Id., ¶¶ 16-17 (internal citations omitted). As support for these statements, Fisher and Shapiro has provided an Affidavit from defense counsel Justin Penn and a copy of an e-mail correspondence between Penn and Raymer. Id., Ex. C, Affidavit of Justin M. Penn (Penn Aff.), Penn. Aff. Ex. A, E-mail, dated April 13, 2007 from Kathy Raymer to Justin Penn (Raymer e-mail). According to Penn, Ms. Raymer indicated to him "that Old Canal was unwilling to formally file any consent to removal, but explained that Old Canal does consent to the Removal of this case to federal court." Penn Aff., ¶ 14. The Raymer e-mail provides as follows: "After reviewing the account with my manager, OCF consents to removal to Federal Court and will not be appearing in or defendant this action at present, Kathy Raymer, Asset Manager" Raymer e-mail, p. 1.

A District Court in Wisconsin recently addressed a similar situation in Bertrand v. Federal Pacific Elec. Co. 2007 WL 2477373 (E.D. Wis. August 29, 2007). In Bertrand, a notice of removal was filed that was joined, in writing, by several defendants. The notice stated that the remaining defendant orally consented to removal and that a written consent to removal would be filed separately with the Court by the remaining defendant. Id. at *2. However, the written consent was not timely filed. Plaintiff objected to removal as procedurally deficient. Defendants asserted that the remaining defendant consented to removal in writing by sending a timely signed consent form to the defense counsel coordinating the removal.

The Bertrand Court, relying on the Seventh Circuit's Gossmeyer decision, noted that "Oral consent is not valid; each defendant must consent in writing for itself." Bertrand, 2007 WL 2477373, *2 (citing Gossmeyer, 128 F.3d at 489). The Court held that "[t]he provision of oral consent is clearly deficient under the law of this circuit, and a promise that procedural rules would eventually be fulfilled does not relieve the duty of [e]ach defendant [to] communicate his consent to the court by way of an official filing or voicing of consent in a timely fashion." Id. (internal quotations and citations omitted). Because the remaining defendant had not made a timely indication to the Court of its consent to removal, the Bertrand Court concluded that the removal was defective.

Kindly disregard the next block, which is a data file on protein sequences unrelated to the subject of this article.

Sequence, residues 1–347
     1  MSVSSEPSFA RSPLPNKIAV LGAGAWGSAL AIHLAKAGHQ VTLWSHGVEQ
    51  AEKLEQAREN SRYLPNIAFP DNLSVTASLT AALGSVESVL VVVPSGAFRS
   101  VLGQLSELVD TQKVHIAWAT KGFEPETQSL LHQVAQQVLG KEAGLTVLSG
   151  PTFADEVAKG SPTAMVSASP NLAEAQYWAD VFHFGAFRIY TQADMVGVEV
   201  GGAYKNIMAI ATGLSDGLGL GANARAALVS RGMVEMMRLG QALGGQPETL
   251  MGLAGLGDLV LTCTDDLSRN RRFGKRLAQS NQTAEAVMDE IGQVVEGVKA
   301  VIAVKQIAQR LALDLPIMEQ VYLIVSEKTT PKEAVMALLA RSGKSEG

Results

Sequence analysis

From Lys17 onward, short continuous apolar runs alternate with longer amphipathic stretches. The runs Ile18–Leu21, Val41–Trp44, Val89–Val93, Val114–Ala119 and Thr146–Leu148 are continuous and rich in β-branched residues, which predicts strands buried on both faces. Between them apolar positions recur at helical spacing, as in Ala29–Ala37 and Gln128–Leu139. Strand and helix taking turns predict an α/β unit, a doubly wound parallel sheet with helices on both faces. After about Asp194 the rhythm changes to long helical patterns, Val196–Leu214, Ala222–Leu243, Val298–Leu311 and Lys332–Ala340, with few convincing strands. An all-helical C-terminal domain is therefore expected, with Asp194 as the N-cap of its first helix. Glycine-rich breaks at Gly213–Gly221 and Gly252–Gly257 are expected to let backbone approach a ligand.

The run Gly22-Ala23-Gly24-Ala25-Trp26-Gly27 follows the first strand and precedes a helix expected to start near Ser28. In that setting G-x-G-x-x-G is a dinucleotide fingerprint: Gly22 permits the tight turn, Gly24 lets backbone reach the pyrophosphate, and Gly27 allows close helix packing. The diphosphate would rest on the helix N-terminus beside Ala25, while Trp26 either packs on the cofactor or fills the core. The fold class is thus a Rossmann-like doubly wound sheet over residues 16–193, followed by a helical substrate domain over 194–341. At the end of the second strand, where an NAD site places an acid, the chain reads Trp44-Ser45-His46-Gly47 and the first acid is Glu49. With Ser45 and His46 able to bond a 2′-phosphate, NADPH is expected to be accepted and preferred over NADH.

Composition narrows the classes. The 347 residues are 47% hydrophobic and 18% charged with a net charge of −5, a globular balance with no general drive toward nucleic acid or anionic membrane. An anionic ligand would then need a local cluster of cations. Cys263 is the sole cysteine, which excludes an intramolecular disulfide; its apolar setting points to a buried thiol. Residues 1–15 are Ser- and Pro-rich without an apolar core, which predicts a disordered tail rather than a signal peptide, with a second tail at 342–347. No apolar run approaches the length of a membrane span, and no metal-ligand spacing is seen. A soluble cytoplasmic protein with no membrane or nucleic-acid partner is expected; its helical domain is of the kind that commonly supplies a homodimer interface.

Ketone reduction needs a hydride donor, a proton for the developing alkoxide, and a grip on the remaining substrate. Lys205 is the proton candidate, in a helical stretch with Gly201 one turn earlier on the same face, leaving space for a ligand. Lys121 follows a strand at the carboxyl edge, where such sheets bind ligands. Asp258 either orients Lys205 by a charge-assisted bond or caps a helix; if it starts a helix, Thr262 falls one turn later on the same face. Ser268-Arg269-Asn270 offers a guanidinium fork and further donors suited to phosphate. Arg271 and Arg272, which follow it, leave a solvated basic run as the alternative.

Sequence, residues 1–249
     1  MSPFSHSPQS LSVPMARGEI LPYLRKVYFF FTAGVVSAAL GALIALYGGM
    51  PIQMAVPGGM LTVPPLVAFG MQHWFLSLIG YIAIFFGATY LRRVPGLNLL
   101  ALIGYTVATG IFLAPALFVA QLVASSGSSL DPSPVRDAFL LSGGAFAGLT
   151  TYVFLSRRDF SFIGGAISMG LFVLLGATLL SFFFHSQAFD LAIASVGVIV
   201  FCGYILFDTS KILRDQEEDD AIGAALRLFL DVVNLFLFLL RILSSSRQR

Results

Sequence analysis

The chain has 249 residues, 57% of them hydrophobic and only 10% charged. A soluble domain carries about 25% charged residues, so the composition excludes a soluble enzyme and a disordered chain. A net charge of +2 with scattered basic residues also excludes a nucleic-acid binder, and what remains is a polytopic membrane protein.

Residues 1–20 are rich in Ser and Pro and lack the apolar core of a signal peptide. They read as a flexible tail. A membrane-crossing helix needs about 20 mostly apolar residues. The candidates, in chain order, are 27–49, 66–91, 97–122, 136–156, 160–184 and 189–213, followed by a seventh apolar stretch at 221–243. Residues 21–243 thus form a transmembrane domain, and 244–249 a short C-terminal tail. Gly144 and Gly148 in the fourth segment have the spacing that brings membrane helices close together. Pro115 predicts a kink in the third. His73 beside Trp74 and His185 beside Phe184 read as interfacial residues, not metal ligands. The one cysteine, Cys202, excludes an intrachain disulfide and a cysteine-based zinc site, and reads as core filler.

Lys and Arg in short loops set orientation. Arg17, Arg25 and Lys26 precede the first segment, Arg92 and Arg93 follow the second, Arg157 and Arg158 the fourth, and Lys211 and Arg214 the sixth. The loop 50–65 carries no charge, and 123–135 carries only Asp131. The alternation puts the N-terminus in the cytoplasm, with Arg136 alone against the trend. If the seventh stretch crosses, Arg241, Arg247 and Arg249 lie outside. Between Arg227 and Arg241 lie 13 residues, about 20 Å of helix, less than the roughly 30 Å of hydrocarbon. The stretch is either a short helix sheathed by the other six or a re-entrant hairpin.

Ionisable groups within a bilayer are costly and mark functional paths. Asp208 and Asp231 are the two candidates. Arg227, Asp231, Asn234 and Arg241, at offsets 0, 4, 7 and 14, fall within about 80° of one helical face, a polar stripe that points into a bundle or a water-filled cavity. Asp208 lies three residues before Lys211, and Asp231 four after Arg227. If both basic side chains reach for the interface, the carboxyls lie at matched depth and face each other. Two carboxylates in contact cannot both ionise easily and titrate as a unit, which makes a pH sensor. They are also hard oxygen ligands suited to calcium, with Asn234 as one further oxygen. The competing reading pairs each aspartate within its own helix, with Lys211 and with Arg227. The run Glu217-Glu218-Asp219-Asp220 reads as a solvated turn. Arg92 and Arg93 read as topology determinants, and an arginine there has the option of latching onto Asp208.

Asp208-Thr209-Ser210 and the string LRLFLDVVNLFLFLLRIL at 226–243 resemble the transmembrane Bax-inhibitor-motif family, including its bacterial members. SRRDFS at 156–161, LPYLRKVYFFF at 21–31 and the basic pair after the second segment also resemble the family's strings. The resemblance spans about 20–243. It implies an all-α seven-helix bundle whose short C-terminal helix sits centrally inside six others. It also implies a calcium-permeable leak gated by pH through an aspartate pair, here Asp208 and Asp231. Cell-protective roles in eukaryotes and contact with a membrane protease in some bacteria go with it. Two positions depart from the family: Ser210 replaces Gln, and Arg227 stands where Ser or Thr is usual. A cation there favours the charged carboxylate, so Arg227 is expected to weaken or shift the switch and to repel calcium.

In the instant case, Old Canal Financial Corp. has never indicated its consent to removal to the Court. The Raymer e-mail was provided to counsel for Fisher & Shapiro, not to the Court. The e-mail is not sufficient to constitute official notice, and there is no indication as to Ms. Raymer's authority to give consent on Old Canal's behalf. Moreover, it is clear from the evidence presented that Old Canal Financial Corp. does not intend to file anything with the Court. "[T]he procedural rules governing removal cannot be lightly set aside as mere technicalities. Their technical nature and strict application further the goal of restraining the reach of removal jurisdiction to cases where it is clear that all of the defendants desire a federal forum." Bertrand, 2007 WL 2477373, *3 (citation omitted). Strict application of the procedural rules governing removal "protects against the erroneous exercise of federal jurisdiction;" thus "[w]hen there is doubt as to the right to removal in the first instance, ambiguities are to be construed against removal." Id. (internal quotations and citation omitted). Even if the Court were to consider the Amended Notice of Removal, Fisher & Shapiro fails to meet its burden of establishing that all served Defendants join in its request for removal. Fisher & Shapiro's request to amend its Notice of Removal is denied as moot. The matter must be remanded to state court.

Plaintiffs' Motion to Remand seeks an award of attorney's fees and costs. "An order remanding the case may require payment of just costs and any actual expenses, including attorney fees, incurred as a result of the removal." 28 U.S.C. § 1447(c). However, the Court believes that an award of costs and attorney's fees is not appropriate under the circumstances of the instant case. The requirement that all defendants must file written consent for removal within the time allowed is not set out in 28 U.S.C. § 1446. While the Seventh Circuit's Gossmeyer decision was available to Fisher & Shapiro at the time the Notice of Removal was filed, it is not directly on point. The Bertrand case, which this Court finds persuasive, was not decided until after Fisher & Shapiro filed its Notice of Removal.

THEREFORE, Plaintiffs' Motion to Remand (d/e 3) is ALLOWED.

This case is remanded to the Illinois Circuit Court for the Seventh Judicial Circuit, Sangamon County, Illinois. All pending motions are moot before this ...